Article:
O.U. Reverses Stance on Slaughterhouse

By Gabriel Sanders

Published December 10, 2004, issue of December 10, 2004.
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In a significant shift, the Orthodox Union has moved from supporting the controversial practices employed by a kosher slaughterhouse under its supervision to requesting that certain of these practices be changed.

The move came amid a furious publicity blitz conducted by the animal rights group People for the Ethical Treatment of Animals. Armed with a clandestinely made videotape, the group, known as PETA, charged that the Postville, Iowa-based AgriProcessors meatpacking plant was employing inhumane slaughtering practices.

AgriProcessors, which markets its meat under the Aaron’s Best brand, is the world’s largest glatt kosher slaughterhouse.

The videotape featured difficult-to-watch footage of steers limping around the slaughterhouse floor — in some cases for more than a minute after their throats had been slit. It prompted the U.S. Department of Agriculture to send a team of inspectors to the site and also caused concern among the Orthodox Union’s own constituency of consumers of kosher goods both in the United States and Israel.

PETA had filed complaints with the USDA against both AgriProcessors and the O.U., the world’s largest kosher certifying authority and an organization representing about 1,000 congregations.

When the story first broke last week, O.U. officials told the Forward and other media outlets that, while sure to be jarring to those unfamiliar with kosher slaughter, what was captured on the videotape was in keeping with both the letter and spirit of Jewish law.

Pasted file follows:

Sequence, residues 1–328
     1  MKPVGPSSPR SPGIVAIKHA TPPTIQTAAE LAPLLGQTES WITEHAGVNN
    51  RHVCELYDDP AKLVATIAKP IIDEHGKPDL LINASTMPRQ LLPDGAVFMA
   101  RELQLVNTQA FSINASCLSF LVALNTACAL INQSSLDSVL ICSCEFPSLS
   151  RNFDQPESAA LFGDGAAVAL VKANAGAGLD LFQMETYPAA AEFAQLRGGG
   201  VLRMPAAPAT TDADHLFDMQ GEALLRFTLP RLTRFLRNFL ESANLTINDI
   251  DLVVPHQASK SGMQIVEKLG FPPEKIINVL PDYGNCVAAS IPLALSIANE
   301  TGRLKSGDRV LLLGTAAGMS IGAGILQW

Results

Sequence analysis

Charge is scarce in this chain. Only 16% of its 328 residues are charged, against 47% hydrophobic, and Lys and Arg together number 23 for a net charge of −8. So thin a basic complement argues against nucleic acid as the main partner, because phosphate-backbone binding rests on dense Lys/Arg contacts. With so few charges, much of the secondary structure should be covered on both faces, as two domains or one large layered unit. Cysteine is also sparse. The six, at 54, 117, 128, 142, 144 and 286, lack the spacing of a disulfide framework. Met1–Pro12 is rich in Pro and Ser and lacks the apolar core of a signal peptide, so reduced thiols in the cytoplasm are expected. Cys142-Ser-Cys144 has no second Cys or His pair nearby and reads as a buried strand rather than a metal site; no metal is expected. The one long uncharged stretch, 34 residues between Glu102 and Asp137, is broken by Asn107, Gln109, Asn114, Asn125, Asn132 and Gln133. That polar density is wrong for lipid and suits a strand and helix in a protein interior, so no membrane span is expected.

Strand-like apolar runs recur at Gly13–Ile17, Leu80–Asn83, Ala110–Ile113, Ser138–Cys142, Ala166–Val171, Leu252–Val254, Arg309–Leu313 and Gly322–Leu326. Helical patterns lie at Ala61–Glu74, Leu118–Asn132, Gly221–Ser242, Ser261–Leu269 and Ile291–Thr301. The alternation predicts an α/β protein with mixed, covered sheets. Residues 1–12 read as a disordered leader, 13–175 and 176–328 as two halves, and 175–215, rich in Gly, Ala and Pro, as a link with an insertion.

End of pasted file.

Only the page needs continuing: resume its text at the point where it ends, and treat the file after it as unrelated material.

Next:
But in an interview published in the December 3 New York Times, the O.U.’s executive vice president, Rabbi Tzvi Hersh Weinreb, appeared to take the opposite view, saying the video “raises all sorts of questions.” Particularly objectionable, he said, was the apparent tearing out of the trachea and esophagus of the animals before movement had ceased. This procedure was “especially inhumane” and “generally unacceptable,” he said.

PETA representatives seemed pleased by the O.U.’s reversal.

“We were pretty stunned that their position now was not their initial position,” PETA spokesman Bruce Friedrich said.

As it stands now, the O.U. position seems to rest on a distinction between what constitutes kosher slaughter and what is humane slaughter. According to the O.U., one can have the former without the latter.

“In terms of kashrus, the plant was very much in order,” said Rabbi Menachem Genack, head of the O.U.’s kashrut department and a member of an O.U. delegation that visited the Iowa plant early this week. “I was impressed with the commitment of the personnel to kashrus.”

It is in the realm of trying to make slaughter more humane that the O.U. has now recommended refinements to the AgriProcessors model.

The first, and perhaps most significant, of these is that the plant no longer will allow an animal’s trachea to be pulled at as a means of gaining better access to the carotid arteries.

What will make this possible is that a second incision will be administered so as to ensure that the carotid arteries are spliced cleanly and that the animal looses its blood as quickly as possible. The hope is to limit the sort of post-incision movement that was seen on the PETA video.

The O.U. has also now allowed for animals to be stunned in the event that they continue to move for long after their throats are cut.

Orthodox authorities have in the past been wary of introducing stun guns into the slaughtering process, for stunning the animal before an incision is made will render it unkosher.

The O.U.’s reversal comes as the organization was already scrambling to extinguish a separate controversy. The organization’s new president, Stephen J. Savitsky, placed an advertisement in the Jerusalem Post in which he apologized for earlier remarks to the newspaper that were widely interpreted as a swipe at immigrants who came to Israel many years ago. Savitsky had been quoted as saying: “Years ago, aliya (immigration to Israel) was for people who were running away from something. They weren’t successful. They didn’t have a successful marriage. They were coming because there was a reason. They weren’t role models.”






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